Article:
Steve Morse: guitar edge interview

Are there any secret weapons, any gear you can't live without?
Yes, and I've had to live without it actually [laughs], and no one can fix it. I love my Lexicon 224 reverb—it has some really cool modified settings, ways of making it sound like it's not a reverb—but it died and no one can fix it. I've shipped this gigantic thing all over and they say it's too far gone. So, what I've done is get into digital effects more. Now I'm using Cubase and you learn to get some really good sounds out of the digital gear that's out. I'm also using iZotope [Ozone] like a little mastering module. It fits in Cubase like a VST plug-in, so when you go to mix, you just go to your master fader and modify that, and all of a sudden this little mastering module comes up. Anyway, I thought that really helped, especially at the end—it made everything sound better.

Those Lexicon reverbs are pretty cool—they always make me think of a David Gilmour-type tone.
Yeah, it's a shame. Everything I usually like, I know they're gonna stop making it if I really like it. So I try not to like things too much. [Laughs]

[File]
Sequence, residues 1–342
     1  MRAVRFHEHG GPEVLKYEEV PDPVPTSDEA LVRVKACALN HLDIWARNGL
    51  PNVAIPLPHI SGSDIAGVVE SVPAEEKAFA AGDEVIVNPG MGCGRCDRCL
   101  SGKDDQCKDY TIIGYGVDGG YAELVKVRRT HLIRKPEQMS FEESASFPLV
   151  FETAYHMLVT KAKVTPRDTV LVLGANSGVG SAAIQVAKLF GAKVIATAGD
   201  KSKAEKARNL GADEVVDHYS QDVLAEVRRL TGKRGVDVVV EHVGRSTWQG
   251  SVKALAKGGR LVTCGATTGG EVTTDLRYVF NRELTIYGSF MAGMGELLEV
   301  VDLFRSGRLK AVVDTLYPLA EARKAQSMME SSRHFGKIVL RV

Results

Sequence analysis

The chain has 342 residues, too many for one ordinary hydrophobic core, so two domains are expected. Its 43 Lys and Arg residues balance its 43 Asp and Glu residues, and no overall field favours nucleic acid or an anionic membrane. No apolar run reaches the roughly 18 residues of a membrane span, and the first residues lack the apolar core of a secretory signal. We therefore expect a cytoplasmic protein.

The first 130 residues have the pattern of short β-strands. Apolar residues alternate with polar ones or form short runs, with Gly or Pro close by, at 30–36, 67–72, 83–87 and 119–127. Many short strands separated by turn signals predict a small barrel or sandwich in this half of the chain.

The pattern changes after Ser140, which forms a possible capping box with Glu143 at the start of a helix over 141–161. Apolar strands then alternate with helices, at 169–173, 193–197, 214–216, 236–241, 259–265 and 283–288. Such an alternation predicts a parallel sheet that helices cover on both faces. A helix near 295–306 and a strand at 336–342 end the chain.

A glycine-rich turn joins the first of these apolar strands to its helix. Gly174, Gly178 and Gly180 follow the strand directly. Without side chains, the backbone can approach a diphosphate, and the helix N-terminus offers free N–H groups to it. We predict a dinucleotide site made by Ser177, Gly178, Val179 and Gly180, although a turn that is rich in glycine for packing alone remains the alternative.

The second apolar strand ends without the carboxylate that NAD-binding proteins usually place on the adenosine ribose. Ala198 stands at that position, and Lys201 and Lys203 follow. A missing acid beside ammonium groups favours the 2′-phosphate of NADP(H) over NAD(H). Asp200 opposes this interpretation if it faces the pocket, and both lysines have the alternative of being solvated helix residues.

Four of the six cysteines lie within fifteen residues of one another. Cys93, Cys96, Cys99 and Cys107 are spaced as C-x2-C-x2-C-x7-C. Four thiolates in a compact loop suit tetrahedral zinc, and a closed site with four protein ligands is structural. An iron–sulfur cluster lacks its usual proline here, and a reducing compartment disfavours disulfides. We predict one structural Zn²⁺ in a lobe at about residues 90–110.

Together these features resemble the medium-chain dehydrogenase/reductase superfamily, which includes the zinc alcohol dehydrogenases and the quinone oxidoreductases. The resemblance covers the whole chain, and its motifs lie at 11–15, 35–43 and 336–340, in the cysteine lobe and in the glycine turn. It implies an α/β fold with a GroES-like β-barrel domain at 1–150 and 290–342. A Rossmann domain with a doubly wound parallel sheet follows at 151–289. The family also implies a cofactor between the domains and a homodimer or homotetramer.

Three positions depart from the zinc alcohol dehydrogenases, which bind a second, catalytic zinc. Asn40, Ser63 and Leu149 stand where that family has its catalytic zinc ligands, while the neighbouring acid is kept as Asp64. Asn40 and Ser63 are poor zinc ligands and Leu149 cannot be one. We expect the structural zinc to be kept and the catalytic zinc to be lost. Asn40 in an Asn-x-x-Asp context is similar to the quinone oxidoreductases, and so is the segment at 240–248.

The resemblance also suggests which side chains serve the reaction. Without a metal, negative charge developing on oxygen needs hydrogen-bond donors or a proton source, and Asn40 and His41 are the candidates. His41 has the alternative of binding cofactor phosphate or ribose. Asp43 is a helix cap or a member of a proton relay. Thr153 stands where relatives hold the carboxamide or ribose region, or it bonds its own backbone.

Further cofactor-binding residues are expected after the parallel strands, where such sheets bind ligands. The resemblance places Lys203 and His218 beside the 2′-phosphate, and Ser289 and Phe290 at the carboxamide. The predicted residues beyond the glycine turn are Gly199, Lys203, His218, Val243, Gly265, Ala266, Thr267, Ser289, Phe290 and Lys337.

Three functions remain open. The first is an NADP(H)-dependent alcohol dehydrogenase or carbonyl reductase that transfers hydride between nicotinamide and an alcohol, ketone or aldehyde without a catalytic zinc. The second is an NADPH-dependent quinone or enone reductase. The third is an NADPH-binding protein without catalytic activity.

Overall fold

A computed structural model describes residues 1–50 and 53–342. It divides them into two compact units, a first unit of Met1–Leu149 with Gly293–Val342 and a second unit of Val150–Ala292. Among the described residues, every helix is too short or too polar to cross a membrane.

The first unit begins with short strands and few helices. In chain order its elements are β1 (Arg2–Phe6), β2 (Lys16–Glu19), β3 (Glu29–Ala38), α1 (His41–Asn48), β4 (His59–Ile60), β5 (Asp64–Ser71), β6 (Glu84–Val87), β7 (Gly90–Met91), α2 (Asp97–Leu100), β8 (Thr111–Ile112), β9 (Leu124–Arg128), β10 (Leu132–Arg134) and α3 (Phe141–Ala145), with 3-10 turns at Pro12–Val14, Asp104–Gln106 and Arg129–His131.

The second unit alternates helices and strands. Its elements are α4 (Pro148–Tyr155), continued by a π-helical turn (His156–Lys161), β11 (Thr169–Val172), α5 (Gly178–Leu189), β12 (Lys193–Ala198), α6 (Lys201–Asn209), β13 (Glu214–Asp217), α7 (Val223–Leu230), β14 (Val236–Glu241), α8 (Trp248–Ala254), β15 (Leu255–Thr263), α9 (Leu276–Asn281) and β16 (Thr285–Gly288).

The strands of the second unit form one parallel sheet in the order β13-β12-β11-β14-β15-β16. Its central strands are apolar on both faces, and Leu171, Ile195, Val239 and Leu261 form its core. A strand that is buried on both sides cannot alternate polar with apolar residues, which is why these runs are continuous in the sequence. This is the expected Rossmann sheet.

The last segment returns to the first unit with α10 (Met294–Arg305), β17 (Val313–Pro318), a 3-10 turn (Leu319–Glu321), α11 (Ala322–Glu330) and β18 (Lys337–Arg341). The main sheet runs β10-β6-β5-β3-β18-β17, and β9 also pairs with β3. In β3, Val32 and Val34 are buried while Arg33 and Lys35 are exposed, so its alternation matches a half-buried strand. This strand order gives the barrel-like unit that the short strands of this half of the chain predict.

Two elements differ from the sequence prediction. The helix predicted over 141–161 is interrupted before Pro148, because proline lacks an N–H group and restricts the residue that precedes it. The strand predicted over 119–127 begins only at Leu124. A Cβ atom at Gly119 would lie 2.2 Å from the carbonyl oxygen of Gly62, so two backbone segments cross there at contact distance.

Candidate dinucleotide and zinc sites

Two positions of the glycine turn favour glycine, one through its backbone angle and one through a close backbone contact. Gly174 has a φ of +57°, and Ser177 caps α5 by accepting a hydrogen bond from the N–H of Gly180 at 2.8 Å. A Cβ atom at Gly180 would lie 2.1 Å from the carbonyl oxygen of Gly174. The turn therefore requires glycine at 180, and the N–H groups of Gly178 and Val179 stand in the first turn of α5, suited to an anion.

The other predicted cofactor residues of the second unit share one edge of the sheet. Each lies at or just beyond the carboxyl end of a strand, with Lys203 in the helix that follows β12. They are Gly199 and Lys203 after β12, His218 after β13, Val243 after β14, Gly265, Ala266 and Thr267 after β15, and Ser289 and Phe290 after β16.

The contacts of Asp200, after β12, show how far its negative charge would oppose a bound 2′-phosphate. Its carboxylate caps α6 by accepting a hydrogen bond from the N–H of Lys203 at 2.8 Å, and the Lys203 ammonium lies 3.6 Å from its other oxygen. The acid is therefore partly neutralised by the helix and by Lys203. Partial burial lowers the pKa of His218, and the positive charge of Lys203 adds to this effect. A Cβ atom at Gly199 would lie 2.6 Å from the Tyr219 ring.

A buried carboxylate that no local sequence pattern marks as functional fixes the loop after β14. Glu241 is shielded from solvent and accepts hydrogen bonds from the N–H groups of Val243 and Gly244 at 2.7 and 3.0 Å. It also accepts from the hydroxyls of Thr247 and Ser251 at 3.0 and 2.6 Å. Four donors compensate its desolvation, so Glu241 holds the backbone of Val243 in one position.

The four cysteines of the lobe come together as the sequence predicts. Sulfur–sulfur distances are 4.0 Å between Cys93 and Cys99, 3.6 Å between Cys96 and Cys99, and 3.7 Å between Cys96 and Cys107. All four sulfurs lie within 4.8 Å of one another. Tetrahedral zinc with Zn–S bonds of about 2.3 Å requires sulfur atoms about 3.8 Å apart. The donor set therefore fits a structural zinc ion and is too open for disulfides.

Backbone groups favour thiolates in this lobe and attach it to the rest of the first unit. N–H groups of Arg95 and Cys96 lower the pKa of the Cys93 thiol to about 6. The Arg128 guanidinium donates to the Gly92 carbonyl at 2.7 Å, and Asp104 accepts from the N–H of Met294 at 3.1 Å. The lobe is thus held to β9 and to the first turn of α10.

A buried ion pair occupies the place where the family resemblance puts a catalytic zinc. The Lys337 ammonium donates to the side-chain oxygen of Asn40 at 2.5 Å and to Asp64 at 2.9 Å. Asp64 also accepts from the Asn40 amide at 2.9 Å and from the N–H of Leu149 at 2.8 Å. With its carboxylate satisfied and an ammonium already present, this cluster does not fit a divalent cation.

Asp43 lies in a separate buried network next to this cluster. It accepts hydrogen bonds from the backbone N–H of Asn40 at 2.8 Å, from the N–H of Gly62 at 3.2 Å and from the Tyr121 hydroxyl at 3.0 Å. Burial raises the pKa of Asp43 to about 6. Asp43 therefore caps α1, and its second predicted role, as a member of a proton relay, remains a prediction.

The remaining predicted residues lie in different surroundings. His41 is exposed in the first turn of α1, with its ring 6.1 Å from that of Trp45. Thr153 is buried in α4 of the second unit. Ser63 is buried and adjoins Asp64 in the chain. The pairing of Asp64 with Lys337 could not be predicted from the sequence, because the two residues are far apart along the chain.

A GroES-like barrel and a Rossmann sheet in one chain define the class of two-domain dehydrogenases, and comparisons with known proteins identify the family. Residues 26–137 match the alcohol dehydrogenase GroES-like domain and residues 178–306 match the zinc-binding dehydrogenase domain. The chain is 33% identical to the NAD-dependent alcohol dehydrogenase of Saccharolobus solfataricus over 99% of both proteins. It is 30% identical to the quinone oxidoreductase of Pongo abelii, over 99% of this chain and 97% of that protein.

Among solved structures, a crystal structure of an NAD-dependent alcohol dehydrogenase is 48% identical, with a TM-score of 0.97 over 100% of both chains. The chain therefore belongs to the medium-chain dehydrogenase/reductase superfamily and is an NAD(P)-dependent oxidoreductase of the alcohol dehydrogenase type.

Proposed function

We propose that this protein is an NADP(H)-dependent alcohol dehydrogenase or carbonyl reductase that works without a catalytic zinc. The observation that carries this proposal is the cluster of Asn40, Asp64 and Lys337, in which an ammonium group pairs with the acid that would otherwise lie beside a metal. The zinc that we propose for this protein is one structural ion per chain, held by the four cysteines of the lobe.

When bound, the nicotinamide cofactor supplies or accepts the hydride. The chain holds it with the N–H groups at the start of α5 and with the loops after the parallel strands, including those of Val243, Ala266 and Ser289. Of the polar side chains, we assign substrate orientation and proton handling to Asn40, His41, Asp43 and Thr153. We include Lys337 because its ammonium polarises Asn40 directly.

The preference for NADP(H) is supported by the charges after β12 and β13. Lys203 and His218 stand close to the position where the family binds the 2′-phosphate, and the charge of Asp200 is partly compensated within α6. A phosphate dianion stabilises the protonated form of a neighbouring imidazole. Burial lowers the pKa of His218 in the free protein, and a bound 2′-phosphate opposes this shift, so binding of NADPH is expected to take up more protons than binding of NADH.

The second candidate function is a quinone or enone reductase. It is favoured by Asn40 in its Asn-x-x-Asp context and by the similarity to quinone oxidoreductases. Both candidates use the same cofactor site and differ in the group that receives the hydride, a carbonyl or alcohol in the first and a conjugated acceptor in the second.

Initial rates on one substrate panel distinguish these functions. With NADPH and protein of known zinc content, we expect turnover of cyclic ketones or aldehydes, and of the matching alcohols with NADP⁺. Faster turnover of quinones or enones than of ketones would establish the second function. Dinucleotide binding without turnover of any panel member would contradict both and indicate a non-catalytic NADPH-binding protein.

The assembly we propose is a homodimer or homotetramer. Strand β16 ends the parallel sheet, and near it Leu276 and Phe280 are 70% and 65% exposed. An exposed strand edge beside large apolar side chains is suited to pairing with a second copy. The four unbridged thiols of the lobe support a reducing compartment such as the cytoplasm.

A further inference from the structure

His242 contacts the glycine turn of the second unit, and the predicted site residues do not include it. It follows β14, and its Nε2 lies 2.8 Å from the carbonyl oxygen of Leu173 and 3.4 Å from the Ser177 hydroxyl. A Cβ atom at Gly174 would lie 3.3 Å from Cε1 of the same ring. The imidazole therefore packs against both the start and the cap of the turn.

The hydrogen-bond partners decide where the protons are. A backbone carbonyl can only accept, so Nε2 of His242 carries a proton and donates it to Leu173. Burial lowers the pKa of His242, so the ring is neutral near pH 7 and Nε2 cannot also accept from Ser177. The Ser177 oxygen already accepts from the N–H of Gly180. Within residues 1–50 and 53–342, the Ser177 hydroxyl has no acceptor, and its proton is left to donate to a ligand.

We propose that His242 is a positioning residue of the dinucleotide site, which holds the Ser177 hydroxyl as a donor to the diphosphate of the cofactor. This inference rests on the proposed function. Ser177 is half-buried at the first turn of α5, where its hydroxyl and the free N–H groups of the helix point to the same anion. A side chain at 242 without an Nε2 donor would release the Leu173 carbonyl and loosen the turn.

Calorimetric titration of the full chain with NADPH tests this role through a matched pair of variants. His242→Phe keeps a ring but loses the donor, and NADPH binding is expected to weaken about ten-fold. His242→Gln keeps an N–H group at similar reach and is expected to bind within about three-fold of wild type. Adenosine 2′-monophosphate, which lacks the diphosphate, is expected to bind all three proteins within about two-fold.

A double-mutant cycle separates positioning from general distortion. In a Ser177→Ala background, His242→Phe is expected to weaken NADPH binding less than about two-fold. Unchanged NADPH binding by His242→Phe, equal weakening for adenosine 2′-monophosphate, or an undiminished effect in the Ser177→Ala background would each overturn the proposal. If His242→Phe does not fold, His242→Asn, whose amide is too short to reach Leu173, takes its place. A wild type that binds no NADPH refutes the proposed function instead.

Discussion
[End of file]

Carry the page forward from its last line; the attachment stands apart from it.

Some of today's hottest players like Zakk Wylde and John Petrucci are pretty vocal about their love of your style and music. What modern guitarists do you listen to?
Well, you started by naming two of the best guys. Personally, I like to listen to guys live more than anything, because the whole experience just gets me. It's like you can watch a movie from a distance while people are talking and everything, and you're far away and the TV is small, and it's totally different from being inside a theater where you're right up front and it's taking up your whole field of vision. So, I like to listen to stuff with headphones—zero distractions—or live. All of the guitarists I've seen live really impress me—it's been that way my whole life. Surely any musician has something that's gonna amaze me, because human beings all make different choices and take different paths and meet different crossroads along their life. It's still amazing to me how everybody playing the same 12 notes, repeated over and over, is gonna sound different. If I'm on the road, or if there's somebody playing with us, I try to listen to good guitar players. You have your obvious ones like you just mentioned, but all of the guitar greats I've heard have really impressed me. full interview